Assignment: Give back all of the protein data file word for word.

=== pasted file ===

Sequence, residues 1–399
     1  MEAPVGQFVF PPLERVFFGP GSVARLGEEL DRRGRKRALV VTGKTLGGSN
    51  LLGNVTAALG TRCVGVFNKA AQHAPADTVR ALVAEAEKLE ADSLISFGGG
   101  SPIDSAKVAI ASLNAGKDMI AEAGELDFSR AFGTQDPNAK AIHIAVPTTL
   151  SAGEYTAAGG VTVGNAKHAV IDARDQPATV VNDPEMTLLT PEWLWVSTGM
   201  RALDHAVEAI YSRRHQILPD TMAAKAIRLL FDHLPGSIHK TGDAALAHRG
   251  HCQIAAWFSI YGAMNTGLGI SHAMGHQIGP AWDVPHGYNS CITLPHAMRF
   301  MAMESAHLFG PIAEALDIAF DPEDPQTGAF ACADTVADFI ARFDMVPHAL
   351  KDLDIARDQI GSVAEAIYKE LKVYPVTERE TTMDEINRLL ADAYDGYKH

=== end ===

Sequence, residues 1–399
     1  MEAPVGQFVF PPLERVFFGP GSVARLGEEL DRRGRKRALV VTGKTLGGSN
    51  LLGNVTAALG TRCVGVFNKA AQHAPADTVR ALVAEAEKLE ADSLISFGGG
   101  SPIDSAKVAI ASLNAGKDMI AEAGELDFSR AFGTQDPNAK AIHIAVPTTL
   151  SAGEYTAAGG VTVGNAKHAV IDARDQPATV VNDPEMTLLT PEWLWVSTGM
   201  RALDHAVEAI YSRRHQILPD TMAAKAIRLL FDHLPGSIHK TGDAALAHRG
   251  HCQIAAWFSI YGAMNTGLGI SHAMGHQIGP AWDVPHGYNS CITLPHAMRF
   301  MAMESAHLFG PIAEALDIAF DPEDPQTGAF ACADTVADFI ARFDMVPHAL
   351  KDLDIARDQI GSVAEAIYKE LKVYPVTERE TTMDEINRLL ADAYDGYKH